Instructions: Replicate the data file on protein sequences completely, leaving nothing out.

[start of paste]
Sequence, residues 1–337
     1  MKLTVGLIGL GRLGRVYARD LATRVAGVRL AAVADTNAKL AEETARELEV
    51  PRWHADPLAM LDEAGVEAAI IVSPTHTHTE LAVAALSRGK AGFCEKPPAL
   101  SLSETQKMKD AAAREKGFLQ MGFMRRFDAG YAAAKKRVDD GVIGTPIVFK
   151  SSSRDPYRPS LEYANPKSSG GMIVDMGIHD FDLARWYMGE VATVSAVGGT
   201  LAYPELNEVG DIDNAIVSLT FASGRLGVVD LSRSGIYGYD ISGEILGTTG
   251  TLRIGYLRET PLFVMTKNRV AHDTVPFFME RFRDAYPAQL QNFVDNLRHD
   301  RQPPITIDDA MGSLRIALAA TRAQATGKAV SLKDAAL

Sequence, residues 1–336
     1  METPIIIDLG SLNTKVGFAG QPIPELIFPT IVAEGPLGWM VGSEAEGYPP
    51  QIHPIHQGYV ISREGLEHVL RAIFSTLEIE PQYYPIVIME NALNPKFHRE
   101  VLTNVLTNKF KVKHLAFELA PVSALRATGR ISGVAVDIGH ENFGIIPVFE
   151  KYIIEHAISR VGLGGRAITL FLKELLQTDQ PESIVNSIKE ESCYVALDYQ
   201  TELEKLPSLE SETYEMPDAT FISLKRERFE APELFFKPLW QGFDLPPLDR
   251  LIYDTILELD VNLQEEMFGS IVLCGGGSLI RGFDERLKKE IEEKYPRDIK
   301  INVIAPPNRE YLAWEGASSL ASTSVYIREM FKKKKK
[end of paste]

Sequence, residues 1–337
     1  MKLTVGLIGL GRLGRVYARD LATRVAGVRL AAVADTNAKL AEETARELEV
    51  PRWHADPLAM LDEAGVEAAI IVSPTHTHTE LAVAALSRGK AGFCEKPPAL
   101  SLSETQKMKD AAAREKGFLQ MGFMRRFDAG YAAAKKRVDD GVIGTPIVFK
   151  SSSRDPYRPS LEYANPKSSG GMIVDMGIHD FDLARWYMGE VATVSAVGGT
   201  LAYPELNEVG DIDNAIVSLT FASGRLGVVD LSRSGIYGYD ISGEILGTTG
   251  TLRIGYLRET PLFVMTKNRV AHDTVPFFME RFRDAYPAQL QNFVDNLRHD
   301  RQPPITIDDA MGSLRIALAA TRAQATGKAV SLKDAAL

Sequence, residues 1–336
     1  METPIIIDLG SLNTKVGFAG QPIPELIFPT IVAEGPLGWM VGSEAEGYPP
    51  QIHPIHQGYV ISREGLEHVL RAIFSTLEIE PQYYPIVIME NALNPKFHRE
   101  VLTNVLTNKF KVKHLAFELA PVSALRATGR ISGVAVDIGH ENFGIIPVFE
   151  KYIIEHAISR VGLGGRAITL FLKELLQTDQ PESIVNSIKE ESCYVALDYQ
   201  TELEKLPSLE SETYEMPDAT FISLKRERFE APELFFKPLW QGFDLPPLDR
   251  LIYDTILELD VNLQEEMFGS IVLCGGGSLI RGFDERLKKE IEEKYPRDIK
   301  INVIAPPNRE YLAWEGASSL ASTSVYIREM FKKKKK